Wednesday, 1 December 2010

Daily Mail Article by Miranda Suit (safermedia co-founder)

On 25th November 2010 an article was published in the Daily Mail written by Miranda Suit, safermedia co-founder.  It is about the effect of internet porn upon children.  Below we have posted the full article:

Who can forget the disturbing story of the two young brothers from Edlington, South Yorkshire, who, in January this year, were jailed indefinitely for an horrific assault on two other boys?  In April 2009, aged just 10 and 11, these unnamed tormentors launched a sustained, 90-minute attack on the terrified youngsters which included stabbing them with broken bottles, glass and sticks. The victims, only nine and 11, were also subjected to humiliating sexual assaults.  The young perpetrators had been allowed free access to their father’s collection of ‘adult’ DVDs. This included not only ultra-violent horror movies, but a wide selection of pornography.

One expert who identified the link between this and the boys’ behaviour was Kevin Browne, Professor of Forensic Child Psychology at Nottingham University.  ‘The chances of these boys committing such an horrendous crime of violent and sexual assault were definitely increased by watching violent and pornographic films at home,’ he said.  These boys were from a family so dysfunctional that it was described as ‘toxic’ by the judge. But it seems even responsible parents can no longer be sure their children are not being exposed to such poten tially harmful material, because a disturbing new survey has revealed that one in three children has been exposed to internet pornography by the age of ten.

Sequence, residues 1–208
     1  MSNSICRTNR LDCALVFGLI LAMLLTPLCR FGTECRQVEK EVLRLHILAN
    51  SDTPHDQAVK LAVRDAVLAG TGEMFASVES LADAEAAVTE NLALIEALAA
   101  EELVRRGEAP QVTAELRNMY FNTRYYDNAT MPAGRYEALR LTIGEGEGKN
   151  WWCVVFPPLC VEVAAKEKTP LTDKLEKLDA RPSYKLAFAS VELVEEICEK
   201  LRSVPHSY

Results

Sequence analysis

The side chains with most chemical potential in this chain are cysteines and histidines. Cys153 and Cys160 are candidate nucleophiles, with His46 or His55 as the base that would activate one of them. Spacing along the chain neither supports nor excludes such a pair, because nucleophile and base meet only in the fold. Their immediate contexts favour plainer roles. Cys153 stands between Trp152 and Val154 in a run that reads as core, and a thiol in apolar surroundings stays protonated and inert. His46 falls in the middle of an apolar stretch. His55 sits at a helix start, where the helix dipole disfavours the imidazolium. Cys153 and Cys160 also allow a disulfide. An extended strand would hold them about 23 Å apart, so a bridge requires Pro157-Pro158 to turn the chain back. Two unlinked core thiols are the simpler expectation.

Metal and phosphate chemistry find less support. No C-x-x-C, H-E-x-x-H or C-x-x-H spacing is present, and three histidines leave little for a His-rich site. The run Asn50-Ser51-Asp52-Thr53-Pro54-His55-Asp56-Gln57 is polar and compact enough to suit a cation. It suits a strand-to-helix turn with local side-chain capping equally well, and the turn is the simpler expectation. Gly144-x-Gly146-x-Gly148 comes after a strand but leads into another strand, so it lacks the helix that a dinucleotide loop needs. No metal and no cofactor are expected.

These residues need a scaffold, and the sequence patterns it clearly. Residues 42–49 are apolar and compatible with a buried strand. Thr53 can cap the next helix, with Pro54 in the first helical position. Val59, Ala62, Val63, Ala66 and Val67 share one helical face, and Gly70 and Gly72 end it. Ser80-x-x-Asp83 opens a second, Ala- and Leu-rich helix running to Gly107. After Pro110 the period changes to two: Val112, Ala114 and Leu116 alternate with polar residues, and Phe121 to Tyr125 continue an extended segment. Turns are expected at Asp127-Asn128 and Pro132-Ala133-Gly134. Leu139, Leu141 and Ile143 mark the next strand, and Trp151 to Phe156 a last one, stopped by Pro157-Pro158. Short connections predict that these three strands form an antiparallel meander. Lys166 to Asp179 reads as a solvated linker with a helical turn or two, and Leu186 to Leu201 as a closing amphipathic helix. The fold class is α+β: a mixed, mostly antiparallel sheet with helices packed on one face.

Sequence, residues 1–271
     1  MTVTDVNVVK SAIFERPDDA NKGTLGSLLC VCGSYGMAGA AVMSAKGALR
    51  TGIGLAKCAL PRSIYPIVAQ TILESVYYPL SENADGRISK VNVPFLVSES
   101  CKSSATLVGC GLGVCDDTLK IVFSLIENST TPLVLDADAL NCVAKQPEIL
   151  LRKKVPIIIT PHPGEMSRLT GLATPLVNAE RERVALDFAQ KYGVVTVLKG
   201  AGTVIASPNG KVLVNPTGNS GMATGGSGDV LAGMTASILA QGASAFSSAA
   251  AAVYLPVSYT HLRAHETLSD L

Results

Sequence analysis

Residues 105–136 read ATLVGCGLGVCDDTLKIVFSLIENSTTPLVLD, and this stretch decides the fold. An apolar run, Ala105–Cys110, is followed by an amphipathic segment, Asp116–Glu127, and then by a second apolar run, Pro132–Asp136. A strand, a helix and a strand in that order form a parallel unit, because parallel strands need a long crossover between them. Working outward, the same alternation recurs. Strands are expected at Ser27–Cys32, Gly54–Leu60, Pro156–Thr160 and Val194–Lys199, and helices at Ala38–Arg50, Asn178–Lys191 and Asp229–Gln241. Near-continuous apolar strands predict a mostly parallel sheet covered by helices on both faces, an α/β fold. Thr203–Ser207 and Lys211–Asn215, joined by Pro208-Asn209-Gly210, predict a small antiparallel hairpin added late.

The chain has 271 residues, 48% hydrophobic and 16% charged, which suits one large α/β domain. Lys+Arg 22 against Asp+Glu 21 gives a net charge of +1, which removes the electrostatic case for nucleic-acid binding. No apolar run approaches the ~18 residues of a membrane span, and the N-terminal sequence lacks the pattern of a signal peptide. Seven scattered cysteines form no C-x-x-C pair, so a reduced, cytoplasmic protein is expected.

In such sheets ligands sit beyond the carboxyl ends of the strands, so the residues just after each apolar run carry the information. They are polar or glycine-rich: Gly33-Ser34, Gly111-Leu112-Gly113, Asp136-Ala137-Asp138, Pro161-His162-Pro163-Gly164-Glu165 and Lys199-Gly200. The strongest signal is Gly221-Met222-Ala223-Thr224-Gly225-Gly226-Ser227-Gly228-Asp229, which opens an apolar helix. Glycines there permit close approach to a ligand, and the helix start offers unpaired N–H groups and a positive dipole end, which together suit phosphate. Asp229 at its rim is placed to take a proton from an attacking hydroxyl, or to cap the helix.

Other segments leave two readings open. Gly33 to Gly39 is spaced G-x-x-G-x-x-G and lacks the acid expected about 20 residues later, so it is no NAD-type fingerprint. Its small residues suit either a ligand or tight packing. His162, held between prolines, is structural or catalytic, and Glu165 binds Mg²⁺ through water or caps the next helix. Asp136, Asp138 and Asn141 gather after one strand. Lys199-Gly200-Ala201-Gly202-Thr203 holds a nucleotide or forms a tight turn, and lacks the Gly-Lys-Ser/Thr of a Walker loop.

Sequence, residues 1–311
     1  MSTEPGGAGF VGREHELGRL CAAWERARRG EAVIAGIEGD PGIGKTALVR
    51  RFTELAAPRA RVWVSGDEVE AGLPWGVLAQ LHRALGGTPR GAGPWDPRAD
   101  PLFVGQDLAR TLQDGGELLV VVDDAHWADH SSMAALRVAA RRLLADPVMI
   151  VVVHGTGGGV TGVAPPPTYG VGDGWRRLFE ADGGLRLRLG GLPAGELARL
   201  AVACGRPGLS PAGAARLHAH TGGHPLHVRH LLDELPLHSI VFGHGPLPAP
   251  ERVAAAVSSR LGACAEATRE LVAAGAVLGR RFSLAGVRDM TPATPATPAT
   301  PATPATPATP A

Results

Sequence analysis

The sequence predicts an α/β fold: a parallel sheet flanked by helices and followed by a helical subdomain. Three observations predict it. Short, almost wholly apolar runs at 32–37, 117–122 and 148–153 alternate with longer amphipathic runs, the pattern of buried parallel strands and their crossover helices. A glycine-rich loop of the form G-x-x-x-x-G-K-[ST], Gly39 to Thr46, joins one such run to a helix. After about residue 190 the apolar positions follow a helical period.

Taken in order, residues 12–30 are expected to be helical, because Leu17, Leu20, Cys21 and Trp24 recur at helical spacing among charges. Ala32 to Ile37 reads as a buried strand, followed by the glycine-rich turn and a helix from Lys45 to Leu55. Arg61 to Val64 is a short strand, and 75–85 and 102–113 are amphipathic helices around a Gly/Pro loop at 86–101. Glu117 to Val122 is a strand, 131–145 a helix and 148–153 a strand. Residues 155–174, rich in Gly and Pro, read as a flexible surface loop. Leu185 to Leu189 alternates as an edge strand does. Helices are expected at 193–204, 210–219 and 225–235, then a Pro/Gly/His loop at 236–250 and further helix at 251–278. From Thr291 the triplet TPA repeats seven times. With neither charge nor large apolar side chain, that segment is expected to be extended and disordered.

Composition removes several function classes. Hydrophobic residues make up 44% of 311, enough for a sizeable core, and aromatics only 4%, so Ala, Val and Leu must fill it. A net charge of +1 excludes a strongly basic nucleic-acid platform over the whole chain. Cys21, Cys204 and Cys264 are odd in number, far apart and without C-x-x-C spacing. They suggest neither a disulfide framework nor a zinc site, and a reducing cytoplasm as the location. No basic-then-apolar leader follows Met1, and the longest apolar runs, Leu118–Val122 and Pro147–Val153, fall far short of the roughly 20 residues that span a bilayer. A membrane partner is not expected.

At a House of Commons conference earlier this week organised by safermedia, the charity of which I am a director, we heard the results of this survey - which also suggested that four in five teenagers regularly look up indecent images on their computers or mobile phones.  Statistics support the findings. At the Portman Clinic in London, which treats problematic sexual behaviour in all age groups, exposure to internet porn is implicated in 26 per cent of new cases involving young people.  But when we look at the material our youngsters are bombarded with, should we be surprised?

Things have moved on very far from 1999 when, as the mother of four teenage children, I became alarmed by the explicit sex which permeates modern society. With another mother, I set up Safermedia to campaign for stricter controls.  The internet was then in its infancy, and we focused on films, TV programmes and the emerging market in ‘lads’ mags’. I still maintain all of these media can play a significant role in providing ‘gateway porn’, which eases viewers and readers into seeking out more hardcore material.  But how harmless their pictures of breasts and even full-frontal nudity can seem in the wake of the disturbing images peddled in cyber-space today.  Usually involving violence, or extreme physical discomfort for the females involved, these images portray the degrading treatment of women as exciting and acceptable, validating the idea they are not only up for rough sex, but actively seek it.

John Woods, a psychotherapist at the Portman Clinic, told our conference: ‘Youngsters say it must be OK to look at the most violent and perverse imagery “because it’s there, on the Net”, and so it seems permitted by the adult world.’  These images are packaged to give viewers the quickest ‘hit’ possible, and the models appear willing to provide exactly what is required. Imagine the problems when young men weaned on such distorted reality are in relationships with women who find their partner’s sexual requests utterly distasteful because they are predicated on pornography.